Far from the grind and glamour of Nashville-where he worked for years as a working songwriter before stepping into the spotlight himself-White settled in his hometown of Muscle Shoals, Alabama, a wellspring of gritty Southern rock and soul since the 1960s. Together with Alabama Shakes keyboard player Ben Tanner and Shoals native Will Trapp, he founded and runs Single Lock Records, a local indie label that has released records by some of the Yellowhammer State's finest, including Dylan LeBlanc, St. Paul & the Broken Bones, and legendary songwriter and keyboard player Donnie Fritts. The label is based in a small ranch house a stone's throw from White's own home, which would come in handy when those songs started invading his head.


    "Honestly, I tried to avoid them, but then I realized the only way I was going to get rid of them was if I wrote them down. I got my phone out and I'd sing these little bits of melody, then put it away and move on. But eventually I got to a place where it was a roar in my head, and that pissed me off." Due to his experiences as a gun-for-hire in Nashville, White was reluctant to romanticize the creative process, to turn it into a spiritual pursuit. "Then one day I told my wife I think I'm going to go write a song. She was as surprised as I was. I went and wrote probably eight songs in three days. It was like turning on a faucet."


    Most artists would kill for such a downpour, but White was wary of the consequences. He knew that writing songs would lead to recording them, which would result in releasing them, and that means touring and leaving home for weeks at a time. "As soon as I write a song, I start thinking what other people might think of it. I've talked to friends about this: What is it about us that makes us do that? Why can't I just sit on my back porch and sing these songs out into the ether? I don't have an answer for it yet, but I think it's just part of who I am. I need that reaction. I need to feel like I'm moving someone in a good way or in a bad way. I need to feel like there's a connection."


    White threw himself into the project, no longer the reluctant songwriter but a craftsman determined to make the best album possible-to do these songs justice. He cut several songs at the renowned FAME Studios in his hometown, where Aretha Franklin, Wilson Pickett, the Allmans, the Osmonds, Bobbie Gentry, Arthur Conley, and Clarence Carter recorded some of their most popular hits.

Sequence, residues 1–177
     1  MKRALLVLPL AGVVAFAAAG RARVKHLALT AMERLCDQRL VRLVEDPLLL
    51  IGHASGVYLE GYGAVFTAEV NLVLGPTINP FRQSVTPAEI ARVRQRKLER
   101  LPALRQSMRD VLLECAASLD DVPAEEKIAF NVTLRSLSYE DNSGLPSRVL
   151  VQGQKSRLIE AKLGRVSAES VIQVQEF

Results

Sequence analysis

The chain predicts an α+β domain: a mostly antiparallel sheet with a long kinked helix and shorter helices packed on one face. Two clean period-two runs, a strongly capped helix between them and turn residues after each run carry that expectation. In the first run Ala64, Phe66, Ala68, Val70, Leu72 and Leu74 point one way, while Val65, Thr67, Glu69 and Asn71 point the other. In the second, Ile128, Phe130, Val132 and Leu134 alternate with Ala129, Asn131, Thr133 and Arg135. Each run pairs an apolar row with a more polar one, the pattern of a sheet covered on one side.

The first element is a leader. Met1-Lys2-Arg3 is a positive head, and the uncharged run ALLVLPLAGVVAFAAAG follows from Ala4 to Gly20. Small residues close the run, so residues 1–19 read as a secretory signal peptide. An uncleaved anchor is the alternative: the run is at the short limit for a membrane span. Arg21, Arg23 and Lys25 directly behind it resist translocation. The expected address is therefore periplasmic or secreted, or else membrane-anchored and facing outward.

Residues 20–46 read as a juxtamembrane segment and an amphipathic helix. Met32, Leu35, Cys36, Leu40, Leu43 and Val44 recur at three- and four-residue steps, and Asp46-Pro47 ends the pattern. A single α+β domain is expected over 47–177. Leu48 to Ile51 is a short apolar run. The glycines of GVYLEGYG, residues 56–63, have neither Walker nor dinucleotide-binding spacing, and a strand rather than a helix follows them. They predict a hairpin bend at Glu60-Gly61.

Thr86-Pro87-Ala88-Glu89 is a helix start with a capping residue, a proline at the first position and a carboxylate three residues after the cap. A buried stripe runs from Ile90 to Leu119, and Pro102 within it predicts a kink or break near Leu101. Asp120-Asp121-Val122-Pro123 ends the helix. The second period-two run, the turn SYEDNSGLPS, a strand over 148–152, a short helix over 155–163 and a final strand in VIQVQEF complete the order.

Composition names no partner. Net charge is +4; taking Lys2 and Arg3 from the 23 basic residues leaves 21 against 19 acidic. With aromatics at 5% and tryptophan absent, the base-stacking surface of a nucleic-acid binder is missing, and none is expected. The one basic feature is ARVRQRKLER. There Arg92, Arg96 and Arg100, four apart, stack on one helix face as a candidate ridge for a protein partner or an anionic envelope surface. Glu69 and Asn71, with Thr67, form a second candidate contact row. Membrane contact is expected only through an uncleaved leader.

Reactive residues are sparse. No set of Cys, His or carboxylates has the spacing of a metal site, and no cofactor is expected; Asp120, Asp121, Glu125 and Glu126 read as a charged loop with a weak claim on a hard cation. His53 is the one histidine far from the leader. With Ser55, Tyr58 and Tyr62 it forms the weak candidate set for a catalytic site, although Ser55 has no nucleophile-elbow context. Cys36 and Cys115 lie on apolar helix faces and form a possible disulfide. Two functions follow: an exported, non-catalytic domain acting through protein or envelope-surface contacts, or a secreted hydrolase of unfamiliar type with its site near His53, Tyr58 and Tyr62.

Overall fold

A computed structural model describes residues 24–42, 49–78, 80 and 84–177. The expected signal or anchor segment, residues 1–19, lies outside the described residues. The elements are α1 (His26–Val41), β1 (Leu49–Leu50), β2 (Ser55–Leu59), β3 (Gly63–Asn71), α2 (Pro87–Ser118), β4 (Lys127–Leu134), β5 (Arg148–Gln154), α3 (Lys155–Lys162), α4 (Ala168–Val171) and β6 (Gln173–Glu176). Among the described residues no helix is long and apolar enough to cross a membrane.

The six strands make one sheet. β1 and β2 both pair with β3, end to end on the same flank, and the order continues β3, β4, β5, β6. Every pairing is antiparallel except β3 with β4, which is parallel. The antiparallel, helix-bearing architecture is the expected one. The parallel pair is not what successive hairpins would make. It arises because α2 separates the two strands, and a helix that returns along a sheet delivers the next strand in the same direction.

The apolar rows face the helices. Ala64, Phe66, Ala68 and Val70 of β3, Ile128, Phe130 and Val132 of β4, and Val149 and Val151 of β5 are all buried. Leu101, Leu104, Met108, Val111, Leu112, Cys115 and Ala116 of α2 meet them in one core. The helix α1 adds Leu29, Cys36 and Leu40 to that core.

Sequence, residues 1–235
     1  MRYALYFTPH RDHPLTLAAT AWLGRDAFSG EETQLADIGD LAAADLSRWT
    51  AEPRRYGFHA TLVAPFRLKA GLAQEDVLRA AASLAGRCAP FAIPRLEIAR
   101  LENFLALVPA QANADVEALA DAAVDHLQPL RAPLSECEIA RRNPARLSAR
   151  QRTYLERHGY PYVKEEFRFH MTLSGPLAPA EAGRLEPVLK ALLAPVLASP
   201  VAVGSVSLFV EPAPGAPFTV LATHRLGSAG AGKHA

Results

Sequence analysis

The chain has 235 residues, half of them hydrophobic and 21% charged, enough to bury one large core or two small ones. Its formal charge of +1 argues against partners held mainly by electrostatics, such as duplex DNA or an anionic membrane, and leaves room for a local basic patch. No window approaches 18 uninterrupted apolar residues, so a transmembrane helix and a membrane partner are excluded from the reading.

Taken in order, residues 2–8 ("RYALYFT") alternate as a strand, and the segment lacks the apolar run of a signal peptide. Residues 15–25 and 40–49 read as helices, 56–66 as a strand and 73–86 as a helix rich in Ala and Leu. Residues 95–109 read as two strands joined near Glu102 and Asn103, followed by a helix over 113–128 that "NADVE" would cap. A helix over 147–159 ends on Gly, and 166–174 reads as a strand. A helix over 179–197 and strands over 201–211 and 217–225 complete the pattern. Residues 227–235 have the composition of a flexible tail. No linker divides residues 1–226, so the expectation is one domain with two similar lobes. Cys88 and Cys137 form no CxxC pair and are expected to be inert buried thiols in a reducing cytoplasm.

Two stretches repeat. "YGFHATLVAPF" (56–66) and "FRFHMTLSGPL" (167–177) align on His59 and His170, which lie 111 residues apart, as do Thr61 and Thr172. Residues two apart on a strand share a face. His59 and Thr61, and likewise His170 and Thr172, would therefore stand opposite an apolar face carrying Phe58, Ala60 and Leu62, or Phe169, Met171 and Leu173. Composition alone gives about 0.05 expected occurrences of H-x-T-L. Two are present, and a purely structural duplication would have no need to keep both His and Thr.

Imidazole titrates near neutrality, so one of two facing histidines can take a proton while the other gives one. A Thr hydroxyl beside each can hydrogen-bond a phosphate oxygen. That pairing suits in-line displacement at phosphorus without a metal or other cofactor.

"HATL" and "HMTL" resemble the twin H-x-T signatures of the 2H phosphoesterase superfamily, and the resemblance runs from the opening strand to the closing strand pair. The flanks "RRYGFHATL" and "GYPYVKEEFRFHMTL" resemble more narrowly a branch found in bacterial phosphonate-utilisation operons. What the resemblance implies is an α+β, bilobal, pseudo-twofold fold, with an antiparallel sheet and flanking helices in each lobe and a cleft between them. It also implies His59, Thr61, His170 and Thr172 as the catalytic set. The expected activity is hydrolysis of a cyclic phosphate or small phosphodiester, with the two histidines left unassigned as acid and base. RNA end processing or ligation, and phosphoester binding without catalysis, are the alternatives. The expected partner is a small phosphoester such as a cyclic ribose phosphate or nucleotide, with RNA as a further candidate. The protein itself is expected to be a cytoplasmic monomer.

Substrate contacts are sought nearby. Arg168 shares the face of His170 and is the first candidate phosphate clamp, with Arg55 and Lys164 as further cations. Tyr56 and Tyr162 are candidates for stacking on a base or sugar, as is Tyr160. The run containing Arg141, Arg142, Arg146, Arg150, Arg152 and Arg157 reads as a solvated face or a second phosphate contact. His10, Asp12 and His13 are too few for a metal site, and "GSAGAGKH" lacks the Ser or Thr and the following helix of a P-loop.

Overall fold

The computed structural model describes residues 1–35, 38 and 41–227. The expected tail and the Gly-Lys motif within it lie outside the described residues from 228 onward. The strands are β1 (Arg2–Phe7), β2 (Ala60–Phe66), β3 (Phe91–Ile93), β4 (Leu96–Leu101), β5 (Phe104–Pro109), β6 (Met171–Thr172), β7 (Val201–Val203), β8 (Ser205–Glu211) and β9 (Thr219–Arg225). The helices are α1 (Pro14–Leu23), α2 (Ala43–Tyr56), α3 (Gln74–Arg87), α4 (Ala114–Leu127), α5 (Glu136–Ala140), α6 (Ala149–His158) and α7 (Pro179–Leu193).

One product of those sessions is "What's So," which introduces itself by way of a fire-andbrimstone riff, as heavy as a guilty conscience-the kind of riff you wouldn't be surprised to hear on a Sabbath album. But White's vocals are gritty and soulful, a product of the Shoals, almost preacherly as he sings about earthly and eternal damnation: "Sell your damn soul or get 119 west 57th street, penthouse north, new york, ny 10019 t 212.741.1000 www.sacksco.com SACKS A CO. N D right with the man, keep treading water as long as you can," he exhorts the listener. "But before you do, you must understand that you don't get above your raisin'." It's the heaviest moment on the record, perhaps the darkest in White's career.


    At the other end of the spectrum is "The Martyr," one of the catchiest tunes White has ever penned. The spryness of the melody imagines Elliott Smith wandering the banks of the Tennessee River, yet the song is shot through with a pervasive melancholy as White wrestles with his own demons. "Keep falling on your sword, sink down a little more," he sings over a dexterous acoustic guitar theme. This is not, however, a song about some unnamed person, but rather a pained self-diagnosis: "These are the wounds that I will not let heal, the ones that I deserve and seem so real." White knows he's playing the martyr, but he leaves the song hauntingly open-ended, as though he isn't sure what to do with this epiphany beyond putting it in a song.


    The rest of Beulah was recorded in the Single Lock offices/studio near White's home. "I can be more relaxed about the process. We can all just sit there and talk about records or baseball without feeling like someone's standing over our shoulders. That's a big deal to me, not to feel pressured. And I'm only about twenty yards away from home, so I can walk over and throw a baseball with my kids or make dinner with my wife."


    Some of the quieter-but no less intense-songs on Beulah were created in that environment, including the ominously erotic opener "Black Leaf" and the Southern gothic love song "Make You Cry." As he worked, a distinctive and intriguing aesthetic began to grow clearer and clearer, one based in austere arrangements and plaintive moods. These are songs with empty spaces in them, dark corners that could hold ghosts or worse. "There were certain moments when Ben and I would finish up a song, listen back to it, and think how in the world did we get here. But that's just what the songs ask for. These are the sounds in my head. This is the sound of me thinking and living and breathing and doing."